Instead of interfering with the justice system by ordering the DOJ to withdraw charges already filed against the health workers before the Regional Trial Court in Morong, what P-Noy should have done was to call for the speedier resolution of their case before the court. But by the same token, he says that the charges of violation of human rights and torture counter-filed against the military by the detained Morong 43 before the Commission on Human Rights stays.
Doubtless the question in some military minds now is, why the double standard of the President?
Arrested for possession of firearms and grenades
The Morong health workers were arrested by the military last February 6, nearly a year ago, on six charges of illegal possession of firearms and grenades and violations of the Comelec gun ban during the election period. The AFP Command hailed the arrests and in fact decorated the commanders of the two units that handled the capture, namely, the 202nd Infantry Brigade and the 16th Infantry Battalion.
The question is, just how will the soldiers and officers feel now, after risking their lives in the arrests? The withdrawal of charges against the Morong 43 is doubtless causing confusion now within the AFP ranks.
On the other hand, can the President just order the dropping of charges already filed in court? How will this move impact on our justice system?
Pressure from the NDF
Okay, so the President is acceding to pressure from visiting NDF leader Luis Jalandoni for the Morong 43’s release, in order to enhance the atmosphere for the peace talks between the NDF and the Philippine government, that’s scheduled informally to begin next month. In other words, as Justice Secretary Leila de Lima put it, all in the name of “national interest.” A number of politicians, including Sen. Joker Arroyo, have called for their release before Christmas.
But it will be recalled that in response to earlier calls for the Morong 43’s release, Secretary De Lima said that this would not be possible as charges against them have already been filed before the court. Now she explains that this matter was taken up in the Cabinet which obviously endorsed it, and--- just as significant---that no objections were posed by the AFP and the PNP. She also stressed that the basis for dropping the charges is that the arrest warrants used by the military were “defective,” and that the motion would be filed by tomorrow, so that the Morong 43 could be home for Christmas.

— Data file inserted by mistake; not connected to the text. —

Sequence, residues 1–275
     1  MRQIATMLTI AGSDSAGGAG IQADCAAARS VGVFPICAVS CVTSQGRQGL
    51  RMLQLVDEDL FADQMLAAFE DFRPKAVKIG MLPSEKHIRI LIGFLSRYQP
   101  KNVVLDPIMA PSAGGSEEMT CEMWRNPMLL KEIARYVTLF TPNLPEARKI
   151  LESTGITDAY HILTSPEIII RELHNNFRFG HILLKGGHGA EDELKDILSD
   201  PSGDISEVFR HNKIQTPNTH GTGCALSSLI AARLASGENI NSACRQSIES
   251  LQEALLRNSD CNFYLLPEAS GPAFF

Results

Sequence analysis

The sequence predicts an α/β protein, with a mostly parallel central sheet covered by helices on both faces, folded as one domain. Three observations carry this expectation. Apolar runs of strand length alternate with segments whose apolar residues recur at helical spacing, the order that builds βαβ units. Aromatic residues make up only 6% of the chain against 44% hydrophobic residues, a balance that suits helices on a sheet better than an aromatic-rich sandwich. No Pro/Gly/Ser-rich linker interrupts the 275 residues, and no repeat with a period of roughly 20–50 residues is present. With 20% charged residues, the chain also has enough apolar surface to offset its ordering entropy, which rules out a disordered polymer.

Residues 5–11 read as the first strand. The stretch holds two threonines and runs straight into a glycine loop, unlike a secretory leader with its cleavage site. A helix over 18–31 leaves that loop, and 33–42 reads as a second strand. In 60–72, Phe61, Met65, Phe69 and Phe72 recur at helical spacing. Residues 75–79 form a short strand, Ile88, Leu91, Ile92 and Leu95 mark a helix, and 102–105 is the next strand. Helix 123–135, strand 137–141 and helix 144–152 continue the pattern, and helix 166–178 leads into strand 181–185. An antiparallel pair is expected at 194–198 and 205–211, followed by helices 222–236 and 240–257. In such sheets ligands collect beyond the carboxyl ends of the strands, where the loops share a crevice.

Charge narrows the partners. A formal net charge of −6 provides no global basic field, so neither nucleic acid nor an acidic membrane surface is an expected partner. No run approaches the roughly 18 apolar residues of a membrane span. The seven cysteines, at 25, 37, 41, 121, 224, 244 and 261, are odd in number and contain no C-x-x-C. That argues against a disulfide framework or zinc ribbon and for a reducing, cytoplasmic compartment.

The question is, why only now, after nearly a year, are these warrants being deemed as defective?
Condition for peace
As Secretary De Lima admitted, the pressure from the Left to release the Morong 43, as some sort of condition to resume the peace talks, played a major role in the dropping of charges against them. But the DOJ Chief also admitted that she couldn’t tell what would happen if the RTC judge handling the Morong 43 case would refuse to have it withdrawn because he thinks it was a pretty strong case.
If it’s a tough situation for the DOJ, it was doubtless even tougher for the AFP to take that perplexing, if astounding, move by its Commander-in-Chief in stride, and it sought to put up a brave front.
Brig. Gen. Jose Mabanta, the AFP spokesperson, readily expressed the military’s support in the interest of “transparency, accountability and confidence in government.” He said the withdrawal of charges against the Morong 43 constitutes a “minor set-back” for the AFP and sought to strike the positive by stressing that the service should learn its lesson by doing a better job of handling arrests in the future.
Arrest was legal
But in trying to explain the Commander-in-Chief’s move, Gen. Mabanta caused further confusion as he sought to balance the rank and file military’s feared disgruntlement over that move. He said that even if technicalities or “non-substantive grounds” should cause the dropping of charges against the health workers, this does not remove the fact that they were caught with illegal explosives and firearms last February. He stressed that the AFP’s arrest move was legitimate.
In the light of this assertion, the natural question that crops up is, so why is the dropping of charges being hustled up to the jeopardy of the armed services and the justice system?
United in the desire for peace
I think the Filipino people are united with the President in their desire that the peace talks, which were stalled in November 2004, resume and progress, so that lasting peace would descend on our country. Jalandoni’s visit after years of absence is a most welcome sign of progress on that front. But that desire for lasting peace has to be balanced with what could be a greater harm---the demoralization and subsequent unrest within the ranks of the military, and the confusion within the judicial system.
To get the stalled peace talks started, perhaps as a chalked-up achievement of this administration, P-Noy’s legal advisers obviously gave him (again!) the wrong counsel---to please the Left by releasing the Morong 43 ahead of the court’s decision. That advice is again infirmed.
It would have been far better if the President reasoned out to Jalandoni et al. that much as he wants nothing more than to get the talks started, there is also a judicial process he has to respect and uphold, because it is stipulated in the Constitution and the laws of the land.
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Email Bel Cunanan at
Email Bel Cunanan at